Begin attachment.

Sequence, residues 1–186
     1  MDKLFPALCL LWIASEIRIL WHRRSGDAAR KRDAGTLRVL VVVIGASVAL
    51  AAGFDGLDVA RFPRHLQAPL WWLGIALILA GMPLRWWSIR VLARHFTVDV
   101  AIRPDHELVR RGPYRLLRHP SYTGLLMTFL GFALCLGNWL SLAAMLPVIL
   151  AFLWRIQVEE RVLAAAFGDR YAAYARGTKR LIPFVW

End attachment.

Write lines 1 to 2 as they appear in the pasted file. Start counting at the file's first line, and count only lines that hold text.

Sequence, residues 1–186
     1  MDKLFPALCL LWIASEIRIL WHRRSGDAAR KRDAGTLRVL VVVIGASVAL